My family could not understand the pressure I felt to be accepted by my peers but neither could I ignore who I am… I was a bridge, stuck in the middle. ” The United States is and has been the destination of about half the world’s immigrants, in which their children become language minority students. (Sarsaparillas & Rodriguez, 2002). According to the National Clearinghouse for English language Acquisition and Language Instruction Educational Program, the percentage of SSL students has increased by 51 . 17% in public schools since 1995. SSL students also make up for 10. % of the total United States Population. At the same time, SSL students score the lowest reading achievement and have one of the highest drop-out rate (Baker, 2011). In many instances, the blame for the failure for higher education are directed to SSL students rather than the school systems. Many teachers’ responses have been that the fault is the students’ failure to acquire adequate language skills and not the educational system, the school, or the teacher because “all students are supposed to know English on Entrance to school (Mckay & Wong, 1988). These reactions causes damage to the students’ self-esteem and discourage NY notion for a higher education. Simply, teachers in mainstream classrooms are not properly equipped with the proper tools to communicate and educate SSL learners. Consequently, a teacher could ignore the special needs of an SSL student due to the lack of communication and cultural understanding, which damages the academic advancement in the student’s education (Rigor, 1998).

More importantly, teachers and peers are significant in adapting to the English language through everyday activities and contribute significantly the social growth for an SSL student. If a student feels isolated from their school environment, it more is less likely that the student succeeds in language development, academic success, and social diversification. The Bilingual Education Act of 1968 was legislated by Congress in 1967-1968 in order to mandate schools to provide bilingual education programs. This was the first Government funding provided for any bilingual education.

According to the Bilingual ‘limited English proficient’ refer to : “A) individuals who were not born in the U. S. Or whose native language is a language other than English… Have sufficient difficulty peaking, reading, writing, or understanding the English language to deny such individuals the opportunity to learn successfully in classrooms where the language of instruction is English or to participate fully in society (“20 U. S. C. 3283(a)(1)) . ” A more recent government endorsed program is the No Child Left Behind Act of 2001 passed by President George Bush.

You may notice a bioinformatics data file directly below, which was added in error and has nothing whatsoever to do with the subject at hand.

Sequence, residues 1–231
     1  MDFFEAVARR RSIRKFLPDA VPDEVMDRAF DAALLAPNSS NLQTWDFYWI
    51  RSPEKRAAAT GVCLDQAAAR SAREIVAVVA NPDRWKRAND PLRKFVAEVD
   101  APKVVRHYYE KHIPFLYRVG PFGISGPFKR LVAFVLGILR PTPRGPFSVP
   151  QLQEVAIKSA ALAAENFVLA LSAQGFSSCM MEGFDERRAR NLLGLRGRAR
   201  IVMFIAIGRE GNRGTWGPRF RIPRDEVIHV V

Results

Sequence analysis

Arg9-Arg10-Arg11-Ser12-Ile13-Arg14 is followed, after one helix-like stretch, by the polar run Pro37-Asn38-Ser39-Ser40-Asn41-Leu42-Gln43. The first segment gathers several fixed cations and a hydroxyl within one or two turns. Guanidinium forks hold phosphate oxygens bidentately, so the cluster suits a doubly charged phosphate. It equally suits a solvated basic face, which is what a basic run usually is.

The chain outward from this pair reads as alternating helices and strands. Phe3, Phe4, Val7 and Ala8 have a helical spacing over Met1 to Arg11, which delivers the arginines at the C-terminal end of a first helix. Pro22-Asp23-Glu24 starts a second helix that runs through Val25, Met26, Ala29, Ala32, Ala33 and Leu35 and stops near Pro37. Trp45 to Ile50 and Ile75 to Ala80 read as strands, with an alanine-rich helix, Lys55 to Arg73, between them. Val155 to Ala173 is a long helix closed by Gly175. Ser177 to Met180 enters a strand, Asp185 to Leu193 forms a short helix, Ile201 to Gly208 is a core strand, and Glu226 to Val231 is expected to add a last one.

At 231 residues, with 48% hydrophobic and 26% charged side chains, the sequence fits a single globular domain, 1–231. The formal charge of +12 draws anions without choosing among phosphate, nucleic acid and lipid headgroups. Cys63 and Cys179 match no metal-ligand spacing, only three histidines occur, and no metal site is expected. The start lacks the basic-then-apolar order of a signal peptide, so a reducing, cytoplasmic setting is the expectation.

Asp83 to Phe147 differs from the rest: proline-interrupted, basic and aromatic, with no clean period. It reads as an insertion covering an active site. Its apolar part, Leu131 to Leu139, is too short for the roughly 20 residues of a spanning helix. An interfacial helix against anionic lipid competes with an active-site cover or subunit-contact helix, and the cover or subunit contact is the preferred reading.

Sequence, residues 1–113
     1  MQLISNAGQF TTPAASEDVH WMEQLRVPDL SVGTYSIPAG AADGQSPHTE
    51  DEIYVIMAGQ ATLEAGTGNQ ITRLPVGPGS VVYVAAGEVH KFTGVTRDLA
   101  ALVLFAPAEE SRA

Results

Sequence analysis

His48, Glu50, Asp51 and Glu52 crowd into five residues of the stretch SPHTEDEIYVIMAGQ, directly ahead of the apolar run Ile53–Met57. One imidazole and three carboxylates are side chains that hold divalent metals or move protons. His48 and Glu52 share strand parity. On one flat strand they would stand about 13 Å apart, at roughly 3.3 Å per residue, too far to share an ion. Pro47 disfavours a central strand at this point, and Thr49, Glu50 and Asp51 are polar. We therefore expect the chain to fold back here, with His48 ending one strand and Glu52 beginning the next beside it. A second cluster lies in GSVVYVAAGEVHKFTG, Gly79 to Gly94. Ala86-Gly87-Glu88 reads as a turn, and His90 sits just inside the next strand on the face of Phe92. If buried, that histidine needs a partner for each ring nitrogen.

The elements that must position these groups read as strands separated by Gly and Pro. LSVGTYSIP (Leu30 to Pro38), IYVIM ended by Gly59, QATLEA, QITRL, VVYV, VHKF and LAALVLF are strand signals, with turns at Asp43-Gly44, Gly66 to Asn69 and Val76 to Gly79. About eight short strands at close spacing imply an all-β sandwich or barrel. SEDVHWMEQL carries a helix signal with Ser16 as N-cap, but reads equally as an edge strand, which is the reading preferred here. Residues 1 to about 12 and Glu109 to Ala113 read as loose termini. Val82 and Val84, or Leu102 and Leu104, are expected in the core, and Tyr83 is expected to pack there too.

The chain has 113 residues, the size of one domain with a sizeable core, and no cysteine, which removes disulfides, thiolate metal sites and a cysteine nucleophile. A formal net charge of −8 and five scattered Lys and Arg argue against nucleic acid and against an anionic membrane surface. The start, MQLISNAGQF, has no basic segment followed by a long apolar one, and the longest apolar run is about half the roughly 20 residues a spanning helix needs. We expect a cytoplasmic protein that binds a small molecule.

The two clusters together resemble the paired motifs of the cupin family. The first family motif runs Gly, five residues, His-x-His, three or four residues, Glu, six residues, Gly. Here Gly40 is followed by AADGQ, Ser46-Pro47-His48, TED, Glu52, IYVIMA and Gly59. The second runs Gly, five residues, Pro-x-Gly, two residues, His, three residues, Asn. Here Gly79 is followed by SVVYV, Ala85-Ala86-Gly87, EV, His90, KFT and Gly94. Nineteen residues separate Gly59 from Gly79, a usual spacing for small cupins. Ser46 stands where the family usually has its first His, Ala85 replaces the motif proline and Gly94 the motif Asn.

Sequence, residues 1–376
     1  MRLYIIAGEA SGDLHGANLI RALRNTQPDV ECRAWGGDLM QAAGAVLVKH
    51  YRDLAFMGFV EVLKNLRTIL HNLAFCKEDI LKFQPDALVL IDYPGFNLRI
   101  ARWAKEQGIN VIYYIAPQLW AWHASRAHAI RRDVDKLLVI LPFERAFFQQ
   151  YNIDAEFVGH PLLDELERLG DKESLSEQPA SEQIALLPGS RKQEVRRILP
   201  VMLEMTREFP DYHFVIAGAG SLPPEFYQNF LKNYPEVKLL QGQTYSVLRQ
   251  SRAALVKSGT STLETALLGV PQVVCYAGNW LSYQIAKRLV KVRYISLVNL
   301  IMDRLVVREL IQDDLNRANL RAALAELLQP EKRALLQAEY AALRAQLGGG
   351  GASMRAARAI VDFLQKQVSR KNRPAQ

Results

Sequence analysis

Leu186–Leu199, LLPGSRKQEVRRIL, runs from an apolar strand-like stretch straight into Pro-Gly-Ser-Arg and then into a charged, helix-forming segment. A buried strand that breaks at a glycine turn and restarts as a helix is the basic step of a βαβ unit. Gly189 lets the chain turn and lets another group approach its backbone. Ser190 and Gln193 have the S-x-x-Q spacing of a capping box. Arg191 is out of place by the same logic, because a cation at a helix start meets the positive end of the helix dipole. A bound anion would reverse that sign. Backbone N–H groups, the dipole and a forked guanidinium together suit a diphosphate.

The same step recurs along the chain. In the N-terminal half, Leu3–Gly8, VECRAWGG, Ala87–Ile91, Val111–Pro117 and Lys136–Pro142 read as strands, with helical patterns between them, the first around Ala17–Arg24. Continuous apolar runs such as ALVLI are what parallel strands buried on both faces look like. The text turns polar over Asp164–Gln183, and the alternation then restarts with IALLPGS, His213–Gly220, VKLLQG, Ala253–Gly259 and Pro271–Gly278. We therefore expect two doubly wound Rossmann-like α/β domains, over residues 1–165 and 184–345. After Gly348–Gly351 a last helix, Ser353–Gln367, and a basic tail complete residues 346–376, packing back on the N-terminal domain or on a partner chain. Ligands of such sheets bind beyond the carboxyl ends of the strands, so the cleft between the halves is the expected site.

By this time, the United States was caught in between different advocates: there was a high number of anti-bilingual and anti- immigrant efforts, as well as a growing willingness by immigrant parents that desire heir children to be academically fluent, competent, bilingual people. By the 21st century, the melting pot of America has become so diverse in language, with over 300 spoken dialects (Garcia, 2009), that is has become a troubling issue for the Department of Education to fulfill the special needs of each different language background.

However, a higher number of bilingual and multilingualism has enhanced language skills and communication and risen the standard of language comprehension for the average American student (Garcia, 2009). Conclusion The United States continues to bring new language skills and tools to meet the rowing population of individuals in Bilingual Education. With more than 40 percent of the current youth being of SSL and LEAP environments, the education system is prepared to meet the needs of SSL students and still developing effective methods of teaching English in mainstream and bilingual settings.

Bilingual Education not only provides beneficial skills to acquire the academic success of a student but also develops vital communication skills that are essential in adulthood and society. Policies concerning Bilingualism will continue to address flaws in current Bilingual orgasm and focus on resolutions to direct better, more efficient methods of teaching. The needs of a non-native English speaker are much more different than those of native English speakers and require deferring teaching systems in order for every student to receive the same level of opportunity and education.